Secretly, Arkon must have found her dull and prudish.

While Oswald--who was not a Kemorin, who probably hadn't grown up expecting adult life to mimic the stuff of dirty novels--probably thought himself the luckiest man in Naroni.

"Oh! Here I was, thinking I'd be the first one here."

Except, perhaps, for his cousin Marsden.

That wasn't to say that Arkon's cousin Celina had the same reputation as some of her Kemorin brethren, but there had always been something somewhat... off about her. A little mischievous, a little sinister, more than a little sensual. Perhaps a little predatory.

Or perhaps she was just strange, and Honora was a judgmental bitch who couldn't by a loaf of bread without making a hundred snide assumptions about the baker in the process. "...Hello, Celina."

"Honora. Cousin Arkon." Celina paid them a polite wave, but quickly transferred her attentions elsewhere--to the precise reason Honora was wary of her. "Nearina!"

Surely it wasn't too bitchy or too judgmental to have thought she'd seen those grey eyes flicker to her sister's ass? And then to her breasts as she turned around?

"Celina! It's been a while." Nearina, of course, hadn't noticed a thing. Not now, not when she'd been twelve with brand new breast and Celina had been a shyly ogling ten-year-old. "Think your cousin will be surprised that not only his old housemates will be here for his birthday party?"

"Probably. He never catches on to these things until it's too late."

Nearina snickered, unaware of her own pot-and-kettle situation there. Or maybe Honora was seeing things that weren't there, again. Celina seemed to like Marsden well enough, after all.

Then again...

"Are you all right?"

Honora snapped back to reality as Arkon snuggled up to her. Or snapped back from reality. In any case, it was for the best.


"Just... wondering if your brother will be as surprised as we all hope."


June 24, 2016

In Which Rona Cannot Quell

January 12, 1201

"Morgan, what's the matter here?"

There clearly was a matter here. Rona and Morgan got along well enough, but not to the point where it wasn't odd if just Morgan--not Lonriad or Yvanette or Sevvie--invited just Rona--not Ashe or any of the children--to come over. Certainly not to the point where the messenger delivering said invitation had to leave his exhausted horse at the trough in the stables and was panting and sweating by the time he himself had scaled the front stairs, or to the point where the message included the words 'at once'. Not 'at your convenience', not even 'as soon as possible'...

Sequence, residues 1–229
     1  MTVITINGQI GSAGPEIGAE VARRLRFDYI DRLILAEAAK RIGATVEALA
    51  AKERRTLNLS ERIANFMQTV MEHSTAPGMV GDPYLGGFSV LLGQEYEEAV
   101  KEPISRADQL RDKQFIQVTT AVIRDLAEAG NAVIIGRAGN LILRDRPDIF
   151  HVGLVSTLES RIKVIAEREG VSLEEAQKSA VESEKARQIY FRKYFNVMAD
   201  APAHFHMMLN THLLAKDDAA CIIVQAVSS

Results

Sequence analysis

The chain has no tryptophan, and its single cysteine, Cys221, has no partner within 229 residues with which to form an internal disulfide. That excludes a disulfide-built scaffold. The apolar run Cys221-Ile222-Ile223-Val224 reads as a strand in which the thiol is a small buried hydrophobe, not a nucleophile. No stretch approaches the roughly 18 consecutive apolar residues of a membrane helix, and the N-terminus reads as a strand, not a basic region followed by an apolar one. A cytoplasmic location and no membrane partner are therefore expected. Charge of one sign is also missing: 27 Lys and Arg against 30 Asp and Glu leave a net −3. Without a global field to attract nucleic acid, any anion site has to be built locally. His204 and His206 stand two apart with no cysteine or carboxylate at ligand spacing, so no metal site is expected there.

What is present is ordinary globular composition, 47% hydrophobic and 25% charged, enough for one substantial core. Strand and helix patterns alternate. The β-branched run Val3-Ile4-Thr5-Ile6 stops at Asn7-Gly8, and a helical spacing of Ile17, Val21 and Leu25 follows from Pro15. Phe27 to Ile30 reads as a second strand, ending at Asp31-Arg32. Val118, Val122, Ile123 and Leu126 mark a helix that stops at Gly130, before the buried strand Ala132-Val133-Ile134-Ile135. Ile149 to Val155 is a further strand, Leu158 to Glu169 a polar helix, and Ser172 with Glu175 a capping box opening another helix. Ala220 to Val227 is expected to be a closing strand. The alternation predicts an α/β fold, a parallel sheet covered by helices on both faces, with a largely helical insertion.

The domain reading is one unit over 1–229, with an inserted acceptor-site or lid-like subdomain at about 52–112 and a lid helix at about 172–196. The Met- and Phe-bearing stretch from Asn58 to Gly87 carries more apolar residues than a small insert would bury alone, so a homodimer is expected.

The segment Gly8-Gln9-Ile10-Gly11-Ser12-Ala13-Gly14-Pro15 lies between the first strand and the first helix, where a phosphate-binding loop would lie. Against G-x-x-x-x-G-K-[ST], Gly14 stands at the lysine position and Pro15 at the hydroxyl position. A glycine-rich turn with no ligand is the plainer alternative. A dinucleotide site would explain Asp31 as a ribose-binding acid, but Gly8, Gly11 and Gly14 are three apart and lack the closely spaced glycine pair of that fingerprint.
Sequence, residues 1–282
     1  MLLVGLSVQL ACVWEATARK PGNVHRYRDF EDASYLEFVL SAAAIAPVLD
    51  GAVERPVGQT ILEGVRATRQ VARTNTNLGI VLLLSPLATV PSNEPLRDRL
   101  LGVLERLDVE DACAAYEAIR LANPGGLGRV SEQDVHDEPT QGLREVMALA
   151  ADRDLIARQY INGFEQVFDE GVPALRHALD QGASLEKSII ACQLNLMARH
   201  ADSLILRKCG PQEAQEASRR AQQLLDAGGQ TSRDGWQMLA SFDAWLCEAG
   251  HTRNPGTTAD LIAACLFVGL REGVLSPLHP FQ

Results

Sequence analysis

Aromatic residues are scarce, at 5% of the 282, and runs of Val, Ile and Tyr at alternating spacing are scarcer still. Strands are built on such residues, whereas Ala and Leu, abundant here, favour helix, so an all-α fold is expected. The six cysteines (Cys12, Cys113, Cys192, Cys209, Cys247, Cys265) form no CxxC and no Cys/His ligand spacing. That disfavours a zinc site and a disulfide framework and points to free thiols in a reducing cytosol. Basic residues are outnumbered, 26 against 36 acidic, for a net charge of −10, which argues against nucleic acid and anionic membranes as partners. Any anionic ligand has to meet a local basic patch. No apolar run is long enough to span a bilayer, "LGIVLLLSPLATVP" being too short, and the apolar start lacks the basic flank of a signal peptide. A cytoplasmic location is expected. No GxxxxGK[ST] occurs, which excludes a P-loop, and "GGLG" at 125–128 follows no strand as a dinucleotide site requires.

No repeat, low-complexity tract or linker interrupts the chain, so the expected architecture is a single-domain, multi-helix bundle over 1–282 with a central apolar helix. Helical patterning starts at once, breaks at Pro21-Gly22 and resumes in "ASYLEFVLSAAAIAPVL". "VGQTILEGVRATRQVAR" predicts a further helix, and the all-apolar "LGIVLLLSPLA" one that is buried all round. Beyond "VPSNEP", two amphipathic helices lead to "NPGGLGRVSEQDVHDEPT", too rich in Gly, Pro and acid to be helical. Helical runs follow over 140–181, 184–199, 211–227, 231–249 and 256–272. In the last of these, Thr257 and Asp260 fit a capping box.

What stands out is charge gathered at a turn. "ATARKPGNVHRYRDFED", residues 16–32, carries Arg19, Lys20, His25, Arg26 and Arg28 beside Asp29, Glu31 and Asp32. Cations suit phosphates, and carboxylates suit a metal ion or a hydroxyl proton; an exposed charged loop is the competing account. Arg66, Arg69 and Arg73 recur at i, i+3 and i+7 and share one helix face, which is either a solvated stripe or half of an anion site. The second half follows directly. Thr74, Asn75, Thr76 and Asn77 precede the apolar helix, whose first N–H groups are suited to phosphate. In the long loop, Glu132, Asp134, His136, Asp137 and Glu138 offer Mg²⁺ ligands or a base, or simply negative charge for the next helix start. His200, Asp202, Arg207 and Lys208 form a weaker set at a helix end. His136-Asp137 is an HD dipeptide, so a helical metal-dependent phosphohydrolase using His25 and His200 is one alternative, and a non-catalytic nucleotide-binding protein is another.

At once.

"Thank God you're here." Morgan sighed. She was otherwise as composed as ever, but there was an air of helplessness about her that Rona hadn't seen before--and that, clearly, Morgan herself didn't have to cope with often. "It's Yvanette."

"She's not still sick, is she?" Rona bit her lip as she pulled off her hat and let her hair fall from its hasty side buns. Yvanette had been ill the past few weeks, but it had been the creeping and wanting fatigue-and-nausea sort of ill, more of a nuisance than an actual concern. Besides... if it were that, surely Ashe would have been summoned too?

"No--well, yes, but that's not it. She won't come out of her room. Not for me, not for Lonriad, not for any of the children. She might have come out for Sevvie, but he left at the crack of dawn on some mission for Lord Severin and he's not back yet. But I figured that if there was anyone else she'd be willing to see, it would surely be her own mother..."

"I hope you're right." Rona untied her cloak, only to have Morgan take hold of the back and help her slip out of it. "Do you have a key to her room?"

"Yes, on the desk." Morgan jerked her head toward the steward's table as she folded Rona's cloak. "Neither Lonriad nor I thought it right to intrude if she didn't want to see us; I hope that was the right call."

"It probably was." Knowing Yvanette, at least. Rona made for the desk and took the key, then shot Morgan a last look. The other woman remained collected, yet alert; Rona doubted her own capacity to keep herself to the former quality. "I'll let you know how it goes."

As best I can, anyway, she added to herself in afterthought as she hurried down the halls to Yvanette and Sevvie's room. Morgan would have been told about Yvanette's transformations by now, but it was uncomfortable enough for the girl to know that even her own parents talked about them amongst themselves.

She reached the door, a chorus of sniffles sounding from the other side. In inept mimicry of her mother's gentle touch, Rona knocked. "Yvanette? Yvanette, sweetheart?"

A choke. "M-mother?"

It was the closest to permission she would get. She unlocked the door to the sight of her daughter--still in her nightgown, face in her hands, tears streaming from behind them. Her baby. She's been melancholy most of her life, but a scene like this was another thing entirely.

"Yvanette, what's wrong?" She pulled her daughter into her arms, rubbing her shoulder with what aimed for a soothing motion but probably just made it worse. "Everyone's worried about you."

"Mother, I don't--" Yvanette gasped back another sob and dragged one sleeve across her eyes. "I think I--I can't--"

"Yvanette." Rona laced a hand through her daughter's soft curls and brushed them from her face. "Take your time."

"I... I..." She haltered, fighting a sob--and losing. "...I'm late..."